“And one will say to him, ‘What are these wounds in thine hands?’ Then he will say, ‘Those with which I was wounded in the house of my friends'” (Zechariah 13:6).
Recently I was guest speaker at a men’s meeting held 70 miles away from the host church at a retreat center owned and run by the Baptists of that part of the state. My drive there required 115 miles–up the interstate, onto the U.S. highway, followed by a state road, county road, and finally something resembling a pigtrail.
That night, as we left the large room where we had held our evening session, I asked one of the leaders, “Will someone lock up?” Our materials still lay on the tables.
He said, “This place is so remote that thieves would never find it if they were trying.” We laughed.
He was right, except for one thing.
Sometimes, the thieves are among us. We bring them in with us.
Administrators of religious retreats say their biggest threat is not from thieves or burglars who come onto their property and break in. Their guests give them all the trouble they can handle.
Even church people can be thieves.
Judas was a disciple and a thief.
Recently, a young mother of my acquaintance said she had started teaching her four-year-old son to protect himself from molesters. She talked to him about inappropriate touching and prepped him on how to report such behavior to mommy and daddy.
The child responded with something like, “If a bad guy tries to do something bad to me, I will tell him about Jesus.”
I said to her, “It is true he has to watch out for bad guys. But in my experience, the biggest threat to your son will come from people he knows and trusts. Uncles, cousins, best friends. Even dads and grandpas.”
I know fathers who are in prison at this moment for molesting their own children.
The child’s biggest enemy may turn out to be someone he/she trusted the most.
It’s a sad and terrible world we live in.
The Apostle Paul warned church leaders from Ephesus to be on guard for intruders. “Savage wolves will come in among you, not sparing the flock.”
However, there was another group they had to watch out for. “From among your own selves men will arise, speaking perverse things, to draw away the disciples after them” (Acts 20:29-30).
Watch out for the bad guys; keep your eye on the ones in your own fellowship.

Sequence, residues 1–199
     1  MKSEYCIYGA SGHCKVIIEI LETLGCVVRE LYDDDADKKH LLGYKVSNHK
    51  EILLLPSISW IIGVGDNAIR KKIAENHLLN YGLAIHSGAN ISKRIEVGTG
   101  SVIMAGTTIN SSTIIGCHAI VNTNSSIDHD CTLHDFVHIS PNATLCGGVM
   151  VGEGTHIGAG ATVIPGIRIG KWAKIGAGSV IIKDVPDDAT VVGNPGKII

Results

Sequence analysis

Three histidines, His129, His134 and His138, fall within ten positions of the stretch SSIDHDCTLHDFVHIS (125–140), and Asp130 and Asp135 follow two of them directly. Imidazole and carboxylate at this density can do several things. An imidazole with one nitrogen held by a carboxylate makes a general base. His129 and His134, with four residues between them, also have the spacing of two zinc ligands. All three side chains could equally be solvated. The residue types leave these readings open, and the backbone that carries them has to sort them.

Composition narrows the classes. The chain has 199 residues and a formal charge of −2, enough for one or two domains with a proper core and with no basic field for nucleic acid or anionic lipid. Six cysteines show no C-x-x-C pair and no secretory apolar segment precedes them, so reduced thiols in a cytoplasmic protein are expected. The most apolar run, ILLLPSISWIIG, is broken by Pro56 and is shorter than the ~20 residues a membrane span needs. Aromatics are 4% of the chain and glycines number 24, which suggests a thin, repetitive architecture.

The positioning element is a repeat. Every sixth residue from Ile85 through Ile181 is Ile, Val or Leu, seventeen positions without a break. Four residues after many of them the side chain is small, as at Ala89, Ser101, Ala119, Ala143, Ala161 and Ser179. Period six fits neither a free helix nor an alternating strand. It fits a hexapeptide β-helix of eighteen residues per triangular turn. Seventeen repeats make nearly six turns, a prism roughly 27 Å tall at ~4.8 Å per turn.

My friend Glenda runs the office for their Baptist association. When instructing new office workers on dealing with people from their churches, Glenda cautions them not to be surprised by unChristian behavior. She says, “You are about to see the worst side of the best people.”
Let us take this to heart and prepare our people….
1) We must be alert.
Parents and guardians of children, protectors of retreat facilities, and custodians of church campuses must always be on the alert. Trouble can come from any direction.
Don’t let it blind-side you. Do not be naive or too trusting.
Children’s and infants’ departments have half-doors and multiple workers for a reason. Redundancy is a good thing.
Church leaders should always be checking and double-checking safety procedures to make sure they are being followed and not circumvented or short-cut.
2) We must listen.
Mothers and fathers must always stay close to their children and be observant, hearing what they say and how they say it, picking up on changes in behavior, etc. Likewise, Sunday School teachers and children/youth workers must pay close attention to these things also. Let us always be a child’s best friend and guardian.
It was a school teacher who alerted one of our ministers to the abuse taking place in the home of a family in our church. He told me, we called the police, and working with the child welfare people, we made a lasting difference for one family.
3) This must matter to us.
A loving and responsible parent/guardian will make the welfare of the child the highest priority in his life. We’ve all heard stories of parents or grandparents dismissing a child’s cries that they are being hurt with lines like “You know how kids are.”
To take a child’s cries seriously does not mean we indict or charge anyone carelessly. It means we go into action immediately, however, in case something is going on.
4) Pastors and other leaders must protect the entire congregation.
Responsible church leaders will likewise not be taken off-guard, but will protect the Lord’s congregation from threats inside and out.
When I was pastoring, I received a letter from a medical doctor new to our community informing me that his family had visited us the previous Sunday but would not be back. “There was no security in the preschool/infant area,” he said. “Anyone could have picked up our child and walked right out.” Taking this seriously, that very day we held a quick meeting of everyone involved and put into place some immediate plans to safeguard the children. Then, we went to a numbering system and gave pagers to parents so they could be summoned during a worship service. That family appreciated this and joined our church.
5) It’s all about wisdom and courage, compassion and responsibility.
Compassion cares for the smallest among us. Wisdom pays attention and acts carefully. Courage moves with righteous fervor when a child or the church is threatened. Responsibility refuses to blame others or wait for them to act, but moves immediately to do the right thing.
We in the church must never assume the worse of anyone nor turn a blind eye to the possibility of evil in the best among us. Just as each of us has the potential to be Christlike and do God-like things, in the same way each one is capable of the worst of things.
Be wise as serpents; be harmless as doves. (Matthew 10:16) That says it.